Should we measure relationships in school like we measure literacy and numeracy?


Hundreds of years ago, the education system in Canada and the U.S. was defined as one that promoted the 3 R’s – reading, writing and ‘rithmetic. Many years later, the 3 R’s are still at the focus of our education system and school boards rely heavily on standardized test scores to indicate how schools are performing. However, these scores represent only one slice of the education system.  Parents, students, and teachers are concerned about the extent to which their schools are safe and caring environments. With National Youth Violence Prevention Week occurring from March 19-23, I began reflecting on safety within our schools.

Without safety and security as a foundation, meaningful learning cannot occur. 

Over a quarter century ago, researchers and teachers advocated for a 4th R – relationships (Jaffe, Crooks & Watson, 2009; Wolfe et al, 2009) This research argues that teaching about healthy relationships in the curriculum is an important foundation of public education and central to positive school climates. Lessons about healthy relationships have been integrated into health and physical education classes and other subject areas and are delivered by teachers to meet provincial curricular outcomes.

I will never forget the words of a student survivor from the 1999 mass shooting at Columbine High School in Littleton, Colorado. The student addressed an audience of teachers and students and said that their school ranked amongst the highest in statewide academic testing and had many championship sports teams, but would have failed any measure of healthy relationships. She shared how the school was full of racism, sexism and bullying - she felt that the education system was focused on the wrong measures of success. Those words always stuck with me and remind me of the importance of our efforts with the 4th R, relationships.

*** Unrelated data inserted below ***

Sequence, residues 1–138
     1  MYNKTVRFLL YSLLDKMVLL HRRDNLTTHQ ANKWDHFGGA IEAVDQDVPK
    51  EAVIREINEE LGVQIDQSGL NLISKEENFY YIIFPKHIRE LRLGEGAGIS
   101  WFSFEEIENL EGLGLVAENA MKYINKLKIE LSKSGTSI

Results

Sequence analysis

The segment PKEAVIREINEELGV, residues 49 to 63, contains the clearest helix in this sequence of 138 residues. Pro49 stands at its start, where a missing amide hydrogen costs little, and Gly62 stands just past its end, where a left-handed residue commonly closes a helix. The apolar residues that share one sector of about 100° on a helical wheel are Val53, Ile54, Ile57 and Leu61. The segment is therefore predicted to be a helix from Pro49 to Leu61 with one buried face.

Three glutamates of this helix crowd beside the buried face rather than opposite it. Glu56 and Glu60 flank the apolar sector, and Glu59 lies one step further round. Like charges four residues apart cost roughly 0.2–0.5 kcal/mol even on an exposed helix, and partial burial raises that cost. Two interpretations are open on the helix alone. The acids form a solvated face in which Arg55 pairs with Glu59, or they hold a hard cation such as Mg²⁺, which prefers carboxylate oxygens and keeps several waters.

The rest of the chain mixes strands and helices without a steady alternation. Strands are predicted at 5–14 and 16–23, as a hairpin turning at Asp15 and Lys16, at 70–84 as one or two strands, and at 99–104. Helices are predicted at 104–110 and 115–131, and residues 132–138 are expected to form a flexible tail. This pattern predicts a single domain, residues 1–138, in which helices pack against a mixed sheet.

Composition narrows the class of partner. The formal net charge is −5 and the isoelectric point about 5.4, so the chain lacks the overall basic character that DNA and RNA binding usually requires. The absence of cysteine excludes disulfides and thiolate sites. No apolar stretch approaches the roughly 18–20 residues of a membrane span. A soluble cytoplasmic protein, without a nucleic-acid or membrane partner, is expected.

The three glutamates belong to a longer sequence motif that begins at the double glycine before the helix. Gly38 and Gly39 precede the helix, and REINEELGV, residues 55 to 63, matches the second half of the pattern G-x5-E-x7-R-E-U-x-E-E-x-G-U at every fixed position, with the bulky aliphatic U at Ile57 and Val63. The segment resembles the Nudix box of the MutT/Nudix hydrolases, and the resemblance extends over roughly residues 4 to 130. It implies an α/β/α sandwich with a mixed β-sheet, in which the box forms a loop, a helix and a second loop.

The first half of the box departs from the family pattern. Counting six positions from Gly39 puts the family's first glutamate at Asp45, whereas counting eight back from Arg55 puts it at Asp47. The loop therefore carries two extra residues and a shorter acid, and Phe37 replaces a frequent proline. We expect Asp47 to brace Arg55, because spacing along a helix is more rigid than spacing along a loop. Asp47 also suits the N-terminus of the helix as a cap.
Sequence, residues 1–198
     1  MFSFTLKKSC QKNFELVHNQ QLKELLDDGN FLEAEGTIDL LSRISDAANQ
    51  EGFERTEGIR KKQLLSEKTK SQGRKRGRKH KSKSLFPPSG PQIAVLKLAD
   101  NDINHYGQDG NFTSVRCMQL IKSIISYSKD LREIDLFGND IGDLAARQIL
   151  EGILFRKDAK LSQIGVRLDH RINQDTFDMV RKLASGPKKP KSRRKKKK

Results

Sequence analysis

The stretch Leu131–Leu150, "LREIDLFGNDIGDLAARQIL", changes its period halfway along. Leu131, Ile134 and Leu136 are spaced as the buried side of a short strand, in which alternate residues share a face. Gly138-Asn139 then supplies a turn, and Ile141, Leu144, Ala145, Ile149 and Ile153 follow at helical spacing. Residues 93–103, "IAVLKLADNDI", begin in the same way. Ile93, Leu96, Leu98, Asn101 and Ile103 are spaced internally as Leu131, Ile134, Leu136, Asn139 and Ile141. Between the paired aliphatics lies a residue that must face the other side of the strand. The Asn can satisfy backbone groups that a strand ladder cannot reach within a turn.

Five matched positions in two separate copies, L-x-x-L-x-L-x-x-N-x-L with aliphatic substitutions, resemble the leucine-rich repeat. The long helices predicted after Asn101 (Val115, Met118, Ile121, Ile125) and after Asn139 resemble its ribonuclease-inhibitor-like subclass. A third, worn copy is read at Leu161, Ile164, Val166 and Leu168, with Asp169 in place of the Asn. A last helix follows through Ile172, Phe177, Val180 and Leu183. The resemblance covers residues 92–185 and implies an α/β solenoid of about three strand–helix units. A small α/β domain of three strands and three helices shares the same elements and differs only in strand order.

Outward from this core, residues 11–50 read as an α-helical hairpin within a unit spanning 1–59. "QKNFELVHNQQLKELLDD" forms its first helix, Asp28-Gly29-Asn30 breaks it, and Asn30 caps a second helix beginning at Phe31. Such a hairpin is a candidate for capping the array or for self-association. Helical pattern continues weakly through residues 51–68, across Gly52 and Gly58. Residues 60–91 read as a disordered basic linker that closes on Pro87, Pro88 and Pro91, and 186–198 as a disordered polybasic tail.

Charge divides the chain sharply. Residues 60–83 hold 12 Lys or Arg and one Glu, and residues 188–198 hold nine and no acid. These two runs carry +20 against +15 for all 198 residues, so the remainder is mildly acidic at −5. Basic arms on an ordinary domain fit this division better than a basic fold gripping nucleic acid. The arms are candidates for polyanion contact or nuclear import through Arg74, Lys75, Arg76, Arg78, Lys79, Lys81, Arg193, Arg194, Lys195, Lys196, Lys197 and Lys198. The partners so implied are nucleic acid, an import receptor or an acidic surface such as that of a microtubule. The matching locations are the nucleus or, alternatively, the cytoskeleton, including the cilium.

Although we have made advances in recognizing the important contribution of healthy relationships to positive school environments, we need to investigate the Canadian context broadly. More precisely, we need to measure and report on healthy relationships in Canadian schools and the extent to which our schools promote a caring environment. The next generation of researchers is encouraged to find ways to broaden this awareness and these programs to create better indicators of our progress and encourage the implementation of evidence-based programming in schools across the country.

These ideas gave birth to the 4thR-Curriculum which is now delivered in thousands of schools across Canada. The 4th R should be the first R   – the most important indicator of success within our education system.

For more about the Fourth R, visit:


Peter Jaffe, Ph.D.

Professor, Faculty of Education
Western University



Jaffe, P. G., Crooks, C. V. et Watson, C. L. (2009). Creating safe school environments: From small steps to sustainable change. London, ON: Althouse Press.

Wolfe, D. A., Crooks, C., Jaffe, P., Chiodo, D., Hughes, R., Ellis, W. et& Donner, A. (2009). A school-based program to prevent adolescent dating violence: A cluster randomized trial. Archives of pediatrics & adolescent medicine, 163(8), 692-699.